An Earth-honoring religious path rooted in science

Autumn: The Drawing Down

Now that the equinox has passed, things seem to be happening more quickly, somehow. The days are markedly shorter (here in the northern hemisphere), and there is a chill in the air at night despite wan, warm days. Growing global heat means that the coastal fog cycles that cool us off in the mornings have persisted long past when they used to–to see that fog at the end of September used to be unthinkable. I light the candles on my Focus each evening at dark and it seems so early now; touching the flame to the wick of the candle in the World section of the Focus with the words the Sacred Earth and to the candle in the Underworld section with the words the Honored Dead each evening, I repeat my commitment to the sacred each day, remind myself that this journey is, if I choose it to be, a holy one.

It is a quiet time. Birds are packing in the last calories before taking flight south, and nights are now black instead of summer’s midnight blue, with the recent show-offs being bright Jupiter and Saturn, low on the southern horizon. Decimated by drought and heat, the September salmon run nonetheless makes its way up the creeks and rivers to do what it has always done: find a spot, spawn and die.

There is, overall, a sense of drawing down, packing it in, taking care of those last errands before the dormancy of winter. There will, of course, be a burst of witchy energy among the humans in October as we celebrate the mortality that so frightens us. We will decorate our home and prepare for trick-or-treaters this year, as our new neighborhood appears to have many children in it.

Ritually, I seem to find myself revisiting Old Favorites: incenses I haven’t used in years, tools and Focus decorations I may not have paid much attention to recently. Feeling a bit sad that I can’t brew a Yule metheglin this year, as I had intended earlier in the year–my brewing equipment was loaned to a friend and burned in the 2020 wildfires, and we can’t afford to spend $300 on such a luxury right now. Next year.

But I gaze around my wizard’s workshop of a bedroom and feel contentment and deep joy at my life, though it has its hardships.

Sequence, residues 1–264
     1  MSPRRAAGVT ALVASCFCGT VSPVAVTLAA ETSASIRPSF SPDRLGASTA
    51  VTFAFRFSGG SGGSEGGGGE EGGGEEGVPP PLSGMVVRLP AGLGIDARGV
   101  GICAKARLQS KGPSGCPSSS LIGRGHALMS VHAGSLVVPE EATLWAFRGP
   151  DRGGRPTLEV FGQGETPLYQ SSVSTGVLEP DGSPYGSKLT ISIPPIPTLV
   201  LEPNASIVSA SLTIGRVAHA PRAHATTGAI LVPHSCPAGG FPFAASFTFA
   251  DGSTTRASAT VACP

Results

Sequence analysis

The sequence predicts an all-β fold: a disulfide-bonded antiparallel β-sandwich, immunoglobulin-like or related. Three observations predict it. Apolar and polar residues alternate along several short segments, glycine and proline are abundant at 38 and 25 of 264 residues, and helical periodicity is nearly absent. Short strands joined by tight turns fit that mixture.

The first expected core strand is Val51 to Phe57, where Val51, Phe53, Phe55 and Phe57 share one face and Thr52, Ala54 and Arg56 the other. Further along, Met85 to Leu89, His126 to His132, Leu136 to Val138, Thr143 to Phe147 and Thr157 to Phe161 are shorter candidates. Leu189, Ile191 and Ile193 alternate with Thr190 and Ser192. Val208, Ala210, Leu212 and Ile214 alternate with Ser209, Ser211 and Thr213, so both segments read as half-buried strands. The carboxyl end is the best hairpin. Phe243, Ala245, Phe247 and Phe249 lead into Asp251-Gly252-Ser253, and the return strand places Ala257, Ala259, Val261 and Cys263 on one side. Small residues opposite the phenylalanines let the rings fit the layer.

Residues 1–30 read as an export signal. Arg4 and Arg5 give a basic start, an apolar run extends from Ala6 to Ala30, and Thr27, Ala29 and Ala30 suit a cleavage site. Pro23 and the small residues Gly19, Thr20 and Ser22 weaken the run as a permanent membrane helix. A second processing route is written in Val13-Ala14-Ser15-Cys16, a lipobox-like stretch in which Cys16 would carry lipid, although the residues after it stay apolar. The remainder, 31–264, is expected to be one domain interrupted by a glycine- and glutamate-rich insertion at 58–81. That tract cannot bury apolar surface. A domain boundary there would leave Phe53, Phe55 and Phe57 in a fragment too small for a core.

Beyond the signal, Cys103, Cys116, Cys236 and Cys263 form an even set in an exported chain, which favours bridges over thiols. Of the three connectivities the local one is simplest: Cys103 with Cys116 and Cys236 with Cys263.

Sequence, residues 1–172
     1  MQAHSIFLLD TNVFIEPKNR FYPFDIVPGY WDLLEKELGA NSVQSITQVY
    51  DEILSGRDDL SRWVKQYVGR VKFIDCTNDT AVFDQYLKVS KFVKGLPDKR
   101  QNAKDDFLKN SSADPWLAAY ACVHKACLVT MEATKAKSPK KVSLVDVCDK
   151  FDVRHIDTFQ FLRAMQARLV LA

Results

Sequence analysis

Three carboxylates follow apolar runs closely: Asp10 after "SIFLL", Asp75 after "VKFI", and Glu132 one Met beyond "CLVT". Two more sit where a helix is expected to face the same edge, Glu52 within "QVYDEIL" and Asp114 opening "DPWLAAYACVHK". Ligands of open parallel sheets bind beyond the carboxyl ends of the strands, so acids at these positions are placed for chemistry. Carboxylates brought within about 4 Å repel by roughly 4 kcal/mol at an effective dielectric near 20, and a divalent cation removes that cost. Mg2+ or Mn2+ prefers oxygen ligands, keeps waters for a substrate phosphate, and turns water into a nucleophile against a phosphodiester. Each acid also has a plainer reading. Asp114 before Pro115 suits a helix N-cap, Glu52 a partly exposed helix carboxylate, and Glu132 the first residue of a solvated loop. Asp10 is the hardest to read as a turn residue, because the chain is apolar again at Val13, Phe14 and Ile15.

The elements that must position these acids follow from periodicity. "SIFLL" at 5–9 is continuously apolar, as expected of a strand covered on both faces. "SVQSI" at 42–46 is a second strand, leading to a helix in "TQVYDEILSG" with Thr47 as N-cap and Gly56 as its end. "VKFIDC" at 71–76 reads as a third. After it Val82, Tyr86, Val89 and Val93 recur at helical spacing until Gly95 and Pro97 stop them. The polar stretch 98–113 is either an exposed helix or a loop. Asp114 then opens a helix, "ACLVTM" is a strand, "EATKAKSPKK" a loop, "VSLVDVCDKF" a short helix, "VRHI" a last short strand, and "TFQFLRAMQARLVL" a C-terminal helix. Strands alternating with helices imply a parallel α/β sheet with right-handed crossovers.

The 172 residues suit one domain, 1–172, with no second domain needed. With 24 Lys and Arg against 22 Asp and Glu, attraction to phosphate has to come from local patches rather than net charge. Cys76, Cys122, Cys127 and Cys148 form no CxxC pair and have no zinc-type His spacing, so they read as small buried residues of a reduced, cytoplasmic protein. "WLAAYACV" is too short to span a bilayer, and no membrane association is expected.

I must find work soon. Must.

But I wasn’t going to dwell on that in this post, and so we move on, to the liquid ambar trees aflame with color, the oaks heavy with acorns. It’s a banner year for them, for some reason; I would have expected the drought to prevent accumulation of the starches they need to make the fats in the seeds, but even without much water an oak tree is a huge deployment of photosynthesizing panels cranking out food. Maybe the drought encourages them even more to make a giant crop of seeds, to serve not only their own reproduction but the survival of the many creatures that depend on them for life.

I am not a person who does well with contemplative traditions like meditation. I have ADHD and my focus just wanders all over the place when I try. But this time of year seems well suited to that going-inward practice. Perhaps I will spend some time with my accommodated adaptation, the Atheopagan Rosary, which gives me something to fiddle with and a scripted set of reflections to repeat, and keeps me thus focused on the work at hand.

I think of this time of year as representing Elderhood, the year’s equivalent of old age. Reflecting: these are the last Harvest and Hallows Sabbaths I will celebrate in my 50s. This is steadily becoming my time of year.

And that could be fine, if I didn’t feel I have so much more to do. I’ve got a second Atheopaganism book outlined and want to do an audiobook of the first one, and I still haven’t seen the aurora borealis.

That said, we’re coming up on the time of year when I contemplate mortality, and it really has been a good life, all in all. So many adventures, so much love, so much opportunity to express and to help. Whether paddling down the Grand Canyon or sipping cappuccino in Venice or building an environmental advocacy group or simply being with dear friends–awaiting the sunrise in May, perhaps, or gathering in the dark at Hallows–the moments have been, as I wrote once, “jewels strung on a lace of days, chiming in morning sunlight”.

So my thanks to you, reader, for taking this time to spend with me, to make a new moment. It matters to me that people are listening. See you again soon.


  1. Your reflections are beautiful, I also feel more at home in the fall and i suppose it could be my ‘elder’ status. But more an more I think it I think this time of contemplation as a honoring of my dead. Naturally as I age there is more to reflect on come this season and perhaps for me that is why I connect to the season more so now than in my younger days. Thank you for sharing.

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